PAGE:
• 9. History of Asthma & Previous reaction to contrast are the most concerning precipitating factors for adverse reaction to contrast Minor Reactions Intermediate Reactions Major Reactions Nausea, flushing, articaria, headache & Maybe Vomitting, pain at the site of injection Worsening minor reactions, bronchospasm, Hypotension in 0.5-2% Seizures, Laryngeal spasm, bronchospasm, pulmonary edema, Arrhythmia, respiratory collapse, or cardiac arrest are recorded in 1/1000 H1 Blocker (diphenhydramine) Diazepam + Hydrocortisone Epinephrine
  • 10. 1. Evaluation of congenital & acquired ureteral obstruction. 2. Elucidation of filling defects and deformities of the ureters or intrarenal collecting systems. 3. Opacification or distention percutaneous access. 4. In conjunction with ureteroscopy or stent placement. 5. Evaluation of hematuria. 6. Surveillance of transitional cell carcinoma. 7. In the evaluation of traumatic or iatrogenic injury to the ureter or collecting system. of collecting system to assist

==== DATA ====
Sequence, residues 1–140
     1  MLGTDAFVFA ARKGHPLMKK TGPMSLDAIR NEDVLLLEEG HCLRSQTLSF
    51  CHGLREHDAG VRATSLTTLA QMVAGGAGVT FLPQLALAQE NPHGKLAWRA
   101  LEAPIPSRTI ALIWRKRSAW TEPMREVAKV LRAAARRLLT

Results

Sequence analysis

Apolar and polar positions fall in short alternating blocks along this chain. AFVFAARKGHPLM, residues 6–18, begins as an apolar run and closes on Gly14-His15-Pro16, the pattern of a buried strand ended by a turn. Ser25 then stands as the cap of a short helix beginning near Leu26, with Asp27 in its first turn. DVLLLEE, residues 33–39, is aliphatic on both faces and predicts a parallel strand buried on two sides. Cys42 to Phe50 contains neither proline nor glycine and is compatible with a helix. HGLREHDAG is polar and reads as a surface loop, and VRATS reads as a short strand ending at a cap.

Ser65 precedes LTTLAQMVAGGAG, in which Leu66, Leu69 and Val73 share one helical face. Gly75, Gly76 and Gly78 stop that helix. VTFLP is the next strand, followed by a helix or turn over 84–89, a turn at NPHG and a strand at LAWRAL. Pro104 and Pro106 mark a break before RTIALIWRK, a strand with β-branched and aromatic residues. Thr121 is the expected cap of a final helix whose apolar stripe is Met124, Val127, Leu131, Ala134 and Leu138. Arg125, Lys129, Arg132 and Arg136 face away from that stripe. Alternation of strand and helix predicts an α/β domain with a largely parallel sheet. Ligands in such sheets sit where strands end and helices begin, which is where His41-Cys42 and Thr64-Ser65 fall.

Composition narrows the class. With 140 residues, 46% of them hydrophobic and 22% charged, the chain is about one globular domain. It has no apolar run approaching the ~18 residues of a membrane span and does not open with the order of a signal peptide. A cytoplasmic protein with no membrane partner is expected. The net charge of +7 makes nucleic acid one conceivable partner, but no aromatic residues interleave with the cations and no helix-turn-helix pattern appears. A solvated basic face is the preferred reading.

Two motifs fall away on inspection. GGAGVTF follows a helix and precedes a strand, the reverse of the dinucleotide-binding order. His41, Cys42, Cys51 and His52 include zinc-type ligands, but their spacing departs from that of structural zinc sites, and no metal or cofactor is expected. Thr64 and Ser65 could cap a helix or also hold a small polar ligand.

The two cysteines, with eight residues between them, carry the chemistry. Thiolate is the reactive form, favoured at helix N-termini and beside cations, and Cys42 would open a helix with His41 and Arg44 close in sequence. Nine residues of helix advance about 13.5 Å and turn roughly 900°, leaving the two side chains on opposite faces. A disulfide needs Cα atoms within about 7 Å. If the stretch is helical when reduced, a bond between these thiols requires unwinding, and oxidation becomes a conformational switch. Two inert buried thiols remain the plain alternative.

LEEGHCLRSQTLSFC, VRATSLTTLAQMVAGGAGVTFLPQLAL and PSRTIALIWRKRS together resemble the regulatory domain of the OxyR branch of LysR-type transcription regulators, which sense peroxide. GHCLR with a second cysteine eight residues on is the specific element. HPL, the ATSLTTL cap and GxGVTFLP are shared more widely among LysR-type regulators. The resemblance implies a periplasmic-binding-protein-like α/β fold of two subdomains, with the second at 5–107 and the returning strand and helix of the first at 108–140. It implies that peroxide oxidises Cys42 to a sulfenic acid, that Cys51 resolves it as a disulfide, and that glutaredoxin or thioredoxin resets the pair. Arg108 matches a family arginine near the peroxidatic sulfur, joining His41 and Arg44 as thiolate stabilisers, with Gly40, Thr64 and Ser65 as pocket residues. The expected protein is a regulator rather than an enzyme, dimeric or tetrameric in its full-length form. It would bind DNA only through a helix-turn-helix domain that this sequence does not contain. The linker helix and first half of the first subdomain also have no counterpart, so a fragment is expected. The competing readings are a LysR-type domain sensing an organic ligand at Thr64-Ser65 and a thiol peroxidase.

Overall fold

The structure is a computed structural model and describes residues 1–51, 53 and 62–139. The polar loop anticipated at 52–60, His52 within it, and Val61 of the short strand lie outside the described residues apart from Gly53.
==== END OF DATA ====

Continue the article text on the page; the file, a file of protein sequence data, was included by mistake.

• 11. • Usually done in the dorsal lithotomy position. • A KUB film is taken to confirm correct positioning, and exposes kidney stones or bladder stones. • Cystoscopy is performed and a catheter is inserted in the ureteral orifice through which the contrast medium is injected • Documentary still images or “spot films” may be saved for evaluation during peristalsis & for future comparison
  • 12. 1. Urinary tract infections 2. Patients who cannot or should not be cystoscoped (e.g. patients recover ing from recent bladder or urethral surger y).